Focus on engagement. In the world of social recruiting, engaging your audience is everything. The key with social recruiting is to be social. Yes, it will require a thoughtful approach to connecting with candidates, and dedicated resources that are on point and timely in responding. However, if you get this part right, be assured that it’s the quickest way to fostering trust and building a connection with current and prospective candidates.
Get trained. Proper social recruiting training can be the key differentiator between your team ramping up quickly and being successful, or puttering along with little results. Find the experts and enlist the required training for your team. It’ll be the smartest investment you make.
Develop a “buddy system.” Members of your recruitment team will evolve at different speeds, which means that not all of them will adapt quickly (or as quickly). Those who take the lead, however, can share tips, tricks and successes on a peer level, thereby making it easier for the team as a whole to improve.
Be brave! You’re entering into an emerging space. Despite what you hear, very few have earned the right to call themselves social recruiting experts. One thing is certain however: we are now in a world where access to information is instantaneous and inexpensive. Use this to your advantage; it’s free and plentiful. You simply need to know what your objective is, how to engage the right resources, the determination to stick to your plan, and the courage not to be afraid to make mistakes. Very few people “get” social recruiting on the first try. However, when you optimize and refine your ideal social recruiting mix, the benefits are numerous.
As you take all of the above back into your organization, keep in mind that even though your initial experience with social recruiting may not have been successful, be assured that it can be. True, social recruiting is in its infancy, but it’s evolving rapidly, and there are lessons, tips, and tactics that can be learned from those who are doing it right. The key is to surround yourself with resources and a network to help you avoid the pitfalls.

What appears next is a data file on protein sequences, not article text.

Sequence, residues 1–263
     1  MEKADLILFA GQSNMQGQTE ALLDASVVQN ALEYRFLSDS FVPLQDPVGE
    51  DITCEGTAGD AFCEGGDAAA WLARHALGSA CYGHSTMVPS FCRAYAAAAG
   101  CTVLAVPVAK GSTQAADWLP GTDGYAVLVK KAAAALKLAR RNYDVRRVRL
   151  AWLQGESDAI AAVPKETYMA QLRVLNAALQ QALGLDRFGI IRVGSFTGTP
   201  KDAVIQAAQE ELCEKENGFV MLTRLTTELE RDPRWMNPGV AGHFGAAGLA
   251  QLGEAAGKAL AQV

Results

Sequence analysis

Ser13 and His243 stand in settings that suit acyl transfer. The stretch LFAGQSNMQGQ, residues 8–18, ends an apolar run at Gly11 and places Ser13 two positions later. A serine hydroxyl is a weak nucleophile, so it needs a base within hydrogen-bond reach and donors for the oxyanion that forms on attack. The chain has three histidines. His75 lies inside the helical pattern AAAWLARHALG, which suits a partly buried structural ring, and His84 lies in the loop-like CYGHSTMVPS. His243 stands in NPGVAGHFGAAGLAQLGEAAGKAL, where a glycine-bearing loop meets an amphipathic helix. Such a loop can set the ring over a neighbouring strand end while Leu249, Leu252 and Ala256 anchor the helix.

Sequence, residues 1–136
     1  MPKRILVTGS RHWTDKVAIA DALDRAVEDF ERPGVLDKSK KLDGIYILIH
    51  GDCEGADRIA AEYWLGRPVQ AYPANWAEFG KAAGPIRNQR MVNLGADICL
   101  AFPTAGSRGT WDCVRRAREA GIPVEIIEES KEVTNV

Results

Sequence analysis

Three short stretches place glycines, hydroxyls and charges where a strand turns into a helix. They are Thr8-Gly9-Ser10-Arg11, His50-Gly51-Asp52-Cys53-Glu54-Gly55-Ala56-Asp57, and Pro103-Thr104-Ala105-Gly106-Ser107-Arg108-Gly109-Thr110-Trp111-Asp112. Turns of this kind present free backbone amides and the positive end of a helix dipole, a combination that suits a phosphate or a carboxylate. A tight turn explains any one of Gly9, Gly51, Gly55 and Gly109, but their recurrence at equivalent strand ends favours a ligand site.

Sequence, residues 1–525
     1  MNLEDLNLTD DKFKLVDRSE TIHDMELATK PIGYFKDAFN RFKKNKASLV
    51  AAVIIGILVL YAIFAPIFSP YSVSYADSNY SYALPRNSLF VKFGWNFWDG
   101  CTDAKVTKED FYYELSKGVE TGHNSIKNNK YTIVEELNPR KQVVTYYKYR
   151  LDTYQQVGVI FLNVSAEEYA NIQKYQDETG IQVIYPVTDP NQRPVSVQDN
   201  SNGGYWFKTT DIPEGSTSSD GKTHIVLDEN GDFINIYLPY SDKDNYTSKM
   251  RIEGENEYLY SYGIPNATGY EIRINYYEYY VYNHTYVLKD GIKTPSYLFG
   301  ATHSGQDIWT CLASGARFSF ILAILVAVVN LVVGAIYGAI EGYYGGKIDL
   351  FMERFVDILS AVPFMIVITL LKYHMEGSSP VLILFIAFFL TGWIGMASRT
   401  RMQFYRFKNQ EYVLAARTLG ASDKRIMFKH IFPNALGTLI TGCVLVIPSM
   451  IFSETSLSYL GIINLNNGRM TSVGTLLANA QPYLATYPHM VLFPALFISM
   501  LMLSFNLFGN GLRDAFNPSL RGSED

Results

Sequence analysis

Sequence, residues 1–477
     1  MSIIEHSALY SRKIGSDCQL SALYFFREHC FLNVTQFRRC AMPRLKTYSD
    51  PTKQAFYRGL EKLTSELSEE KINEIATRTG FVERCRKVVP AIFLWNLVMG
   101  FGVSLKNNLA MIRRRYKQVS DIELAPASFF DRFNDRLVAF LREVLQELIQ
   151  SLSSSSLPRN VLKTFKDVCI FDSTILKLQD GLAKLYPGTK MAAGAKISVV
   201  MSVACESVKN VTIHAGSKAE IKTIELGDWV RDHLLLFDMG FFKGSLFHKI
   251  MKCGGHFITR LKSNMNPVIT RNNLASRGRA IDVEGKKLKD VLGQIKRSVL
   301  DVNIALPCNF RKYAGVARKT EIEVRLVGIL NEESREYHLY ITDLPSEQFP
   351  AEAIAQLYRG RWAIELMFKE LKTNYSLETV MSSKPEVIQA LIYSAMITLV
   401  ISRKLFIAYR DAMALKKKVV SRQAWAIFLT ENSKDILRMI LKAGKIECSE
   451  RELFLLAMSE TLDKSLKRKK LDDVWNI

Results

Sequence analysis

Also, in closing, I’d like to acknowledge that if you’ve had negative recruiting experiences with social media, you may – understandably – be reluctant to dive back in. Yet I’d remind you that your previous efforts might have been misguided due to bad information of flawed expectations. Regardless of your initial experience or what you’ve heard, my advice to you is clear: don’t give up on social recruiting! Instead of losing faith, regroup, re-commit and re-align yourself with knowledgeable and experienced social recruiting expertise. I can assure you that if you follow the right advice, you won’t be disappointed.
Good luck, be brave, and trust me, you’ll love the results!
Joe Minaudo is the head of Recruitment Strategy and Project Delivery with Granite Consulting. Granite Consulting is a recruitment strategy and advisory services firm dedicated to bringing innovation to the recruitment industry. Granite Consulting is recognized as a thought leader in the social recruiting space, and is recognized for its ability to provide services such as social recruitment strategy, program implementation and social recruitment sourcing techniques for recruiters. For more information on Granite Consulting, please visit www.graniteconsulting.ca.